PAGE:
Tom Flanigan

The repeal of the Affordable Care Act appears almost certain. On Monday (1/23) a Tallahassee doctor who also teaches at the Florida State University College of Medicine was speaking on what might happen next.

healthcare.gov

Florida is leading the country in signing up for federal health insurance coverage for 2017 according to federal figures. With still about a month left in the open enrollment period, the numbers are expected to grow even as the Republican-controlled Congress plans to repeal the Affordable Care Act as early as this week.

healthcare.gov

Open enrollment for Obamacare ups begins next month, and state and federal officials are hoping for more young, healthy enrollees. That demographic has been slow to sign up, leading to increasing concerns that the Affordable Care Act, may soon become un-affordable. But health policy experts say tales of the death of the ACA are greatly exaggerated.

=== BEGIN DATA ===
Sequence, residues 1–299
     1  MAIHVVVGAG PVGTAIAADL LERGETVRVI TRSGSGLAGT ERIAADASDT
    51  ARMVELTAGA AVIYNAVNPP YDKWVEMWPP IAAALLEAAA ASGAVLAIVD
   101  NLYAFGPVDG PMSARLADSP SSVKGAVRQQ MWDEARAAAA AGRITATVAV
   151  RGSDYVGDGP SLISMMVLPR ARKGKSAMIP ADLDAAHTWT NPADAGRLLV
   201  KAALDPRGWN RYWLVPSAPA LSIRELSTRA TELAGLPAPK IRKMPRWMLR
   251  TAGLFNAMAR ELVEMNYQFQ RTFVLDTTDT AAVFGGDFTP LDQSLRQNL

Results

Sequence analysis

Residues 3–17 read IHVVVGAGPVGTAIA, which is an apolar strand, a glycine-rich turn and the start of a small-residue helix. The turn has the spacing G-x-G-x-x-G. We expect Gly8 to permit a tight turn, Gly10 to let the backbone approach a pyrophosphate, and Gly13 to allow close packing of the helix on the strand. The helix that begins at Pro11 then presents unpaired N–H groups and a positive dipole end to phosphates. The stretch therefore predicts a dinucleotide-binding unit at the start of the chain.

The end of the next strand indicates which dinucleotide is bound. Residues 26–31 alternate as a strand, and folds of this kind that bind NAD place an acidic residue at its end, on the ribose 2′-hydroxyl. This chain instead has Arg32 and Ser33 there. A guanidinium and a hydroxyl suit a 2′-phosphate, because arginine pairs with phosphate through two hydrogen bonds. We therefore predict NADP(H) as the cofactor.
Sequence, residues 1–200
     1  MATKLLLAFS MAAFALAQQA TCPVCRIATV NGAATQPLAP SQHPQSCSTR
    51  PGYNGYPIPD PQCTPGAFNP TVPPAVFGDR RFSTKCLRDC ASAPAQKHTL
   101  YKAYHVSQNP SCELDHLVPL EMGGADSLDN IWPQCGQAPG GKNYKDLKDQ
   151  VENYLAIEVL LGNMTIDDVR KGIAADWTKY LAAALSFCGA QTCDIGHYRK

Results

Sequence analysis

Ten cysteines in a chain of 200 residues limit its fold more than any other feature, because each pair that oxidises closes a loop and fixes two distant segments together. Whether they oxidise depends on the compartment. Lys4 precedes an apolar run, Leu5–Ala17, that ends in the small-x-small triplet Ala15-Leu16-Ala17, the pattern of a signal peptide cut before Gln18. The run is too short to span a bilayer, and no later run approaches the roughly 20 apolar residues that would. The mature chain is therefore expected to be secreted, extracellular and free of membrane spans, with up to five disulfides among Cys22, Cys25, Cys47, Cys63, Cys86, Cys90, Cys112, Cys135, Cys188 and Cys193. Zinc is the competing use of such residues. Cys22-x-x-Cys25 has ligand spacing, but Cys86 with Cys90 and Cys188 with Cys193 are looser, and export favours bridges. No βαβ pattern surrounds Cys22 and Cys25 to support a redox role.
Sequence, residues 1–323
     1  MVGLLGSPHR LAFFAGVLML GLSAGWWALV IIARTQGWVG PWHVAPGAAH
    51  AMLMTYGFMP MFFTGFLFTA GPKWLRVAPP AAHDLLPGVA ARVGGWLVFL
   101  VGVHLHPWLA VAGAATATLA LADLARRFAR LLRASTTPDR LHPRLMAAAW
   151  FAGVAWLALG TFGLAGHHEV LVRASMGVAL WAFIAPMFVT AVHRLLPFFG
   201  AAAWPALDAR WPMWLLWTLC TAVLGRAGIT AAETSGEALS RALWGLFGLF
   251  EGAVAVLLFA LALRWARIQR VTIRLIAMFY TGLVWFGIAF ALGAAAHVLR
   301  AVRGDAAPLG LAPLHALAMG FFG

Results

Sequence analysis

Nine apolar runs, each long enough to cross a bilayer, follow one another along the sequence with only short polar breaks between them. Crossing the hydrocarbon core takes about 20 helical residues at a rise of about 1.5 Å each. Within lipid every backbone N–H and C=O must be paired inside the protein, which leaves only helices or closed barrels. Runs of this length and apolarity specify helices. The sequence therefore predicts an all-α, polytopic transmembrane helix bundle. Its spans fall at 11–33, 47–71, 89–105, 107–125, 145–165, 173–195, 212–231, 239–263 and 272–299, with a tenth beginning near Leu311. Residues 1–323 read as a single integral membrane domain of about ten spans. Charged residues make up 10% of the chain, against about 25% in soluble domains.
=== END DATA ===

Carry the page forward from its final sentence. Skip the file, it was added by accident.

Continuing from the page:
Republican presidential nominee Donald Trump is blasting double-digit increases in Obamacare premiums just as the administration gears up for the Nov. 1st start of open enrollment.

taxcredits.net

The federal government is playing down the 25 percent average rate hike slated to go into effect under the Affordable Care Act, or ObamaCare.

U.S. Health and Human Services Secretary Sylvia Burwell
Juan Manuel Herrera / OAS/flickr.com

Federal health officials are making their final push to get more people signed up for subsidized health insurance.  So far more than 8.6 million new and returning consumers have applied for health insurance on federal exchanges.

Florida Office of Insurance Regulation / State of Florida

Florida’s health insurance market for next year is beginning to take shape, and there will be cost increases. But  that’s not what’s raising eyebrows. In Florida, managed care health plans will dominate the market place, and the emergence of a new system  has some wondering, what is an EPO?

LHatter / WFSU News